Chicago Dance Review: MILLENNIALS (The Joffrey Ballet at the Auditorium Theatre)

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by Lawrence Bommer on September 17, 2015

in Theater-Chicago


Opening its 60th season, the Joffrey Ballet literally leaps into the future with Millennials, a three-part program at the Auditorium Theatre. Closing Sunday, it features many bold new moves within two world premieres and one Chicago debut. Even if the majority of Joffrey dancers qualify as millennials, the rationale to showcase today’s dance is reason enough to offer pieces shaped by three young artists whose visions happily never exceed and thoroughly complement the company’s capacities.

1_Mammatus_Photo by Cheryl Mann

First up is the world premiere of Annabelle Lopez Ochoa’s bracingly unusual 20-minute “Mammatus,” a Goth-like series of minimalist dark dances propelled by Michael Gordon’s driven score, itself a kind of frenzied fugue. Wearing gloves, knee-high stockings, and unbecoming black leotards (that made them seem slightly insectivorous or bird-like), the entire ensemble cavort and contort below bright, lightning-bolt LED tubes.

2_Mammatus_Photo by Cheryl Mann (2)

As they transform themselves into menacing silhouettes, clinging and creepy, the frenetic pace never lets up: En masse and in four duets, they surge across a sometimes foggy floor like storm systems in collision (as the cloudy title implies). Depicting the uncharacteristically white fourth duo, Christine Rocas and Fabrice Calmels have a soothing influence on this “organic chaos.” This is not a ballet to help you keep calm and carry on but, no question, it’s got something for someone.

6_Mammatus_Lucas Segovia_Anna Gerberich_Photo by Cheryl Mann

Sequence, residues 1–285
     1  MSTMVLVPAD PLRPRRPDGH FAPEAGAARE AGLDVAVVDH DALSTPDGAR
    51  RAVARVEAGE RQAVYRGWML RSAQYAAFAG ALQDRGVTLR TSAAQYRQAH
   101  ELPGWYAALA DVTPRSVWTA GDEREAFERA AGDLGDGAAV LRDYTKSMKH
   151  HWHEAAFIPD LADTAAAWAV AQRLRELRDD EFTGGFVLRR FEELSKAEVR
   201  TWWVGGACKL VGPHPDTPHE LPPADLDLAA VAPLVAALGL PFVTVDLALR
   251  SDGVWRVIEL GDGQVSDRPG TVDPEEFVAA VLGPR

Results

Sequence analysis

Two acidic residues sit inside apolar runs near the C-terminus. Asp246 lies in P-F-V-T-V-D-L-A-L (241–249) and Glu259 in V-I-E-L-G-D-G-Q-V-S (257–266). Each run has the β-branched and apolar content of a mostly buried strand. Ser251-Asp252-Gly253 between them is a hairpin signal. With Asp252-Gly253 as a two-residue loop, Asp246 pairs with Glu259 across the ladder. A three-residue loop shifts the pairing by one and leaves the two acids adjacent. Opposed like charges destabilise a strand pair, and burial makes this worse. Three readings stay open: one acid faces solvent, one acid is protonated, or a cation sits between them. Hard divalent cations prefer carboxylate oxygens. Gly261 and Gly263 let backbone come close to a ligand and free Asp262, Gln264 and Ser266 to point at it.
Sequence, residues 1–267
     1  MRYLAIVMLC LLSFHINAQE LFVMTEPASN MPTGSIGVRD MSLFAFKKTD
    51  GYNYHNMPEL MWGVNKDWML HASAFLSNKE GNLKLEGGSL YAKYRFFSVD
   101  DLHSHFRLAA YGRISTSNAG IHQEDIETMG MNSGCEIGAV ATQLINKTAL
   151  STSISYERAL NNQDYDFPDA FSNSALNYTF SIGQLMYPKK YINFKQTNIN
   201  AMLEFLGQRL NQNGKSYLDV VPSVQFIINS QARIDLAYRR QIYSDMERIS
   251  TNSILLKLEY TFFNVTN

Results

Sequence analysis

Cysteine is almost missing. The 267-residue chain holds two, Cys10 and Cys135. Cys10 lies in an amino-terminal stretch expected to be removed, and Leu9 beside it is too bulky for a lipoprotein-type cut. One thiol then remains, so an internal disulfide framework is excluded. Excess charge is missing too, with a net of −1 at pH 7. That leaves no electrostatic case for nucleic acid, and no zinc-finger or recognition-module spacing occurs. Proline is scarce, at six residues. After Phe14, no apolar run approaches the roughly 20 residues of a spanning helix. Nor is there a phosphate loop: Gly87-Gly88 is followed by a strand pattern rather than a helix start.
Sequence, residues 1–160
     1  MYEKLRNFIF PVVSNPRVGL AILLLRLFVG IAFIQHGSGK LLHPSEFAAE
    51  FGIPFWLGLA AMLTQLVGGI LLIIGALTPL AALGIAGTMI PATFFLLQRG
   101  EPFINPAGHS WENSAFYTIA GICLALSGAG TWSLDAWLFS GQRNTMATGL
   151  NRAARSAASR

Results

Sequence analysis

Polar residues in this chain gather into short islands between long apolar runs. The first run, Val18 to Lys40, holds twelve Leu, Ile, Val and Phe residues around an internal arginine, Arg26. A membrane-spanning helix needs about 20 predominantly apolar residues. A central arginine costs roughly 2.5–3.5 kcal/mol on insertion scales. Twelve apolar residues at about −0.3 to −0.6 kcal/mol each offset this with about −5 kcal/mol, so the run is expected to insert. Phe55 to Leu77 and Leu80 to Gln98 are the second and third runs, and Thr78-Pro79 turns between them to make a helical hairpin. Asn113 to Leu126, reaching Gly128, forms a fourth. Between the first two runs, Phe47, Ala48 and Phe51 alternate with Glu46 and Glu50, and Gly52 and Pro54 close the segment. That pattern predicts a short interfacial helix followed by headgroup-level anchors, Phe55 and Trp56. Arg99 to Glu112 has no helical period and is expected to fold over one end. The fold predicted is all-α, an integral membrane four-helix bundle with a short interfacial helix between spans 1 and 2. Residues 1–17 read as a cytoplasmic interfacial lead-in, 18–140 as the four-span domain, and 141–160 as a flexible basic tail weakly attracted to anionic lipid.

More traditional and even tender, the middle work is Myles Thatcher’s 25-minute “Passengers,” a world-premiere storytelling delight involving nine dancers in 50’s garb on a tempestuous train trip. (Its feckless resemblance to the random romances in Leonard Bernstein’s “Fancy Free” may not be unintended.)

11_Passengers_Victoria Jaiani (center)_Photo by Cheryl Mann

Embraced by Steve Reich’s mysterious score, interweaving between train station and passenger cars (in Alexander V. Nichols’ supple set), the straight and gay action combines and contrasts a lone woman, shadowed man, young man, husband, wife, girlfriend, boyfriend, lost girl and attendant in assorted quarrels, separations and couplings.

8_Passengers_Yoshihisa Arai_Photo by Cheryl Mann

Using suitcases as stepping stones, the nonet lurch between declarations of independence and an unwillingness to let go. The fusion of controlled classical movements and expressionistic flailing and anarchic energy works well throughout.

10_Passengers_Photo by Cheryl Mann

Most satisfying is the Chicago premiere of Tony Award-winning Christopher Wheeldon’s sensuous 2007 “Fool’s Paradise,” a tribal offering that recalls Cezanne’s chain of bathers in its sexy series of connections and disturbances. (Last season’s reimagined Swan Lake was Wheeldon’s appropriately dramatic transformation of a formal ballet into a rehearsal-within-a-dream.)

14_Fool's Paradise_Photo by Cheryl Mann

As falling blossoms settle on the stage, Joby Talbot’s erotic score, originally rewritten for the 1916 film The Dying Swan, sends the nine dancers through trios, duos and solos, their barely clothed bodies moving through a golden haze. Creating living sculptures in tableaux of unusual juxtapositions, the abstract movements never seem artificial or cerebral. The sex here may be ceremonial but that only leaves more for the imagination–and, if Wheeldon’s paradise is foolish, then ‘tis folly to be wise.

12_Fool's Paradise_Yoshihisa Arai_Amanda Assucena_Alberto Velazquez_Photo by Cheryl Mann

photos by Cheryl Mann

Millennials: “Mammatus,” “Passengers” and “Fool’s Paradise”
The Joffrey Ballet
Auditorium Theatre of Roosevelt University
50 E. Congress Parkway
ends on September 20, 2015
for tickets, call 312.386.8905 or visit Ticketmaster
for more info, visit Joffrey

for more info on Chicago Theater, visit

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